The family said the British Consul in New Zealand were keeping them well informed of the recovery operation.
"We would wish to send our gratitude to the brave teams making the recovery efforts and understand the need to consider their own safety above all else," their statement said.
"We would also wish to send our condolences to the families of all those lost in this tragic accident."
Police confirmed yesterday that the bodies of three of the victims had been recovered from the crash site.
The remains had been taken to a nearby temporary mortuary facility for formal identification, which may take several days.
No Mayday call made
No Mayday call was made before the crash, and it's likely the recovery operation won't resume until Wednesday, media have been told this morning.
In rainy and cloudy weather conditions, Mr Canning addressed media at 9am, along with Marius Bron, LandSAR Westland alpine team leader.
Emily Murphy of Newstalk ZB said authorities would likely have to land people near the crash scene, and had signalled a "staging platform" would be deployed near the recovery area.
This next stage of the recovery operation was unlikely to start before Wednesday.
A severe weather watch had been issued for the next 48 hours, Ms Murphy, who is at Fox Glacier township, said.
"I'm looking at the area where the crash team is at the moment ... the clouds are really dark grey, they're covering the very top of where the crash scene actually is, so that's the situation that search and rescue teams are faced with," she told Rachel Smalley's early breakfast show.
The crash scene was "right up there with the big ice crevasses" she said.
"It's not easy for them [the search and rescue teams] because they've got to be winched down and navigate their way through the crevasses. Some of the wreckage actually lies inside them, so they're actually unsure of the best way to retrieve that wreckage at this stage.
"Obviously the focus is on body recovery so they're working to do that first. There's still four people, the bodies of which are still up there and it's unlikely that that's going to begin happening again until at least Wednesday because they have to prioritise the safety of their staff."
There was no indication at this stage of what might have caused the crash, she said.
"That's exactly the question that authorities here are staying away from. Even when we asked them yesterday, 'tell us about the weather and what it was like up there', they even avoided that question, because there's so many different things the investigation - that is being led by the Transport Accident Investigation Commission - in which that has to take into account that they're just unwilling to provide us with any further information at this stage," Murphy said.
"They are interviewing witnesses in the coming days, that includes people from the company, they're also touching base with the manufacturer of the aircraft, which is both from France and the US, different parts of the helicopter, just to see what mechanical issues may have arisen or things like that.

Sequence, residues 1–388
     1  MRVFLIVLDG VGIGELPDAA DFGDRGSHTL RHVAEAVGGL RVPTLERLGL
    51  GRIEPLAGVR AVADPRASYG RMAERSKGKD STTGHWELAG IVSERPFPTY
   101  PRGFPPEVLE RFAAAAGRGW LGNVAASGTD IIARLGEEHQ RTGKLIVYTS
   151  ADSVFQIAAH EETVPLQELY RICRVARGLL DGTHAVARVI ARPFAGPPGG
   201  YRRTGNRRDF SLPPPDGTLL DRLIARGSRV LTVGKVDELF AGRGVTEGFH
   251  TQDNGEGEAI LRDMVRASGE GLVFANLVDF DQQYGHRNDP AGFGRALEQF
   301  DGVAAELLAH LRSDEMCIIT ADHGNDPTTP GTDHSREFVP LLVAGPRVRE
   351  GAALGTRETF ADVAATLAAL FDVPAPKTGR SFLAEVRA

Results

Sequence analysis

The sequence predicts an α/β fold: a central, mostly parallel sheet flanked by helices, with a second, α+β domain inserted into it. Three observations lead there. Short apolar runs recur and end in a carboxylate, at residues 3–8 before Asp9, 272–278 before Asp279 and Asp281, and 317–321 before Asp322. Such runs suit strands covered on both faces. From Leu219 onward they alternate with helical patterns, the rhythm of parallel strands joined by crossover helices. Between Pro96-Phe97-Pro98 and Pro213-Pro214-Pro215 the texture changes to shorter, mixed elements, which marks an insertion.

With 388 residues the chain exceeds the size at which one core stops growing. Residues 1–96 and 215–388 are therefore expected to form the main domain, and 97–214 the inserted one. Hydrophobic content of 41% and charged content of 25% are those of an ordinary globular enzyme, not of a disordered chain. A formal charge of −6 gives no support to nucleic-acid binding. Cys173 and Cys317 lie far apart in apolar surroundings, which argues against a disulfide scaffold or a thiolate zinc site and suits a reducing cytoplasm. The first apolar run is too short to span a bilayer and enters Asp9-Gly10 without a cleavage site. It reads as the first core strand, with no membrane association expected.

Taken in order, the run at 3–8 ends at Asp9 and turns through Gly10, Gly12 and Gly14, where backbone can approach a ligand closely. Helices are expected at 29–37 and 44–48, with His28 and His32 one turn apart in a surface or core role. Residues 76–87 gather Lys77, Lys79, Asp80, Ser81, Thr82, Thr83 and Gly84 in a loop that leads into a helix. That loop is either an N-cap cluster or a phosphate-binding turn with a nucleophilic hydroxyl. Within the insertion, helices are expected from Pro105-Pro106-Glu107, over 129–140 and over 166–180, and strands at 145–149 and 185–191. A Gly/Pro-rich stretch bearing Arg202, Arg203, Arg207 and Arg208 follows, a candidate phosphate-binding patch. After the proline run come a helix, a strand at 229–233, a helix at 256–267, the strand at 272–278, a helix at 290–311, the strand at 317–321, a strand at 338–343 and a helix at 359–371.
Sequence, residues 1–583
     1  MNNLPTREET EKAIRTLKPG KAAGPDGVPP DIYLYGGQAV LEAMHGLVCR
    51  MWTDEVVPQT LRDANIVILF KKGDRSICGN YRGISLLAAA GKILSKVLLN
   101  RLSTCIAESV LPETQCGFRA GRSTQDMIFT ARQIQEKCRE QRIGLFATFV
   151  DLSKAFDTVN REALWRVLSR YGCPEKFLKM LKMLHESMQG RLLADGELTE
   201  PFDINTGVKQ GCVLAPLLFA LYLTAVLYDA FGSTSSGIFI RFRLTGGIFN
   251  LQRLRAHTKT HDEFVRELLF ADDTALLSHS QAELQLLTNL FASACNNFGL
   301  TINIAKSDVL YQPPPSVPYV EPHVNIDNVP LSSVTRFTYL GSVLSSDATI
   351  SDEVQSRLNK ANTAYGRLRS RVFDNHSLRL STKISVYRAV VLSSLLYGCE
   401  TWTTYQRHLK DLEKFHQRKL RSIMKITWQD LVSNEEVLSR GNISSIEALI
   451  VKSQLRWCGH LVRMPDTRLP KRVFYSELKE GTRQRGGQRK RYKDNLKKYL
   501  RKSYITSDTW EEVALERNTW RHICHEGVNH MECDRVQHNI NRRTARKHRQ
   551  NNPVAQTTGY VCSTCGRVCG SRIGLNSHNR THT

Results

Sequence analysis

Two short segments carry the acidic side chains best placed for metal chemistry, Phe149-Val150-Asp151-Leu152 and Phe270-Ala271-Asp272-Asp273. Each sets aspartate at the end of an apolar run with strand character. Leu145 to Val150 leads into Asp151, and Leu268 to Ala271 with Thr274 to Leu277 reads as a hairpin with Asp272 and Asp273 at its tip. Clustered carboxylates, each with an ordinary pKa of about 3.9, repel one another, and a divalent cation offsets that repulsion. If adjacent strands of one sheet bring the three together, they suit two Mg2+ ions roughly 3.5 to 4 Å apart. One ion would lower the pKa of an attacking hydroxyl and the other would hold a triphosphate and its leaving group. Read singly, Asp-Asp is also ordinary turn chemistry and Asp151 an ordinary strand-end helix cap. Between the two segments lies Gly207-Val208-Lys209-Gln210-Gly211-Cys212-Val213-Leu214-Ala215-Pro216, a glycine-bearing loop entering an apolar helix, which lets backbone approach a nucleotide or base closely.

"So there's a number of different things that they're looking at and it will be some time before we actually get a fuller picture."
No fly zone remains
Fox Glacier tourism operators are taking it day-by-day as a no fly zone remains.
Glacier Country Tourism Group chairperson Rob Jewell says a few people have cancelled their trips to the area, but not many.
He says all other services at Fox Glacier township are open and operating normally.
The company that employed 28-year-old Mitchell Gameron is unsure when flights will resume.
All bookings were cancelled as word spread of the crash.
Company spokesperson Barry Waterland says he had spoken with staff, who were in shock.
The mood in nearby Fox Glacier township was extremely subdued this morning, Newstalk ZB reporter Emily Murphy said.
Ms Murphy said authorities earlier mentioned how even when the weather in town appeared pleasant, conditions at the glacier could be dangerous.
"When you're actually up there it's a whole different story. And they've got to prioritise safety of staff, so I'd be very surprised if they decided to go ahead, but they're obviously trying their best to get all the bodies back."
She said it was expected some of the bodies would go to Christchurch, and some possibly to Auckland to undergo pathology tests.
Ms Murphy said one local woman was worried about the crash and subsequent publicity affecting the livelihoods of people in the area.
"She's worried that all this news is going to hurt...in terms of attracting people to the area and trying to get people on helicopter flights."
But Ms Murphy said tourists had a wide range of reactions to the crash. Some said the crash showed how "vulnerable" tourists could be but others were less anxious.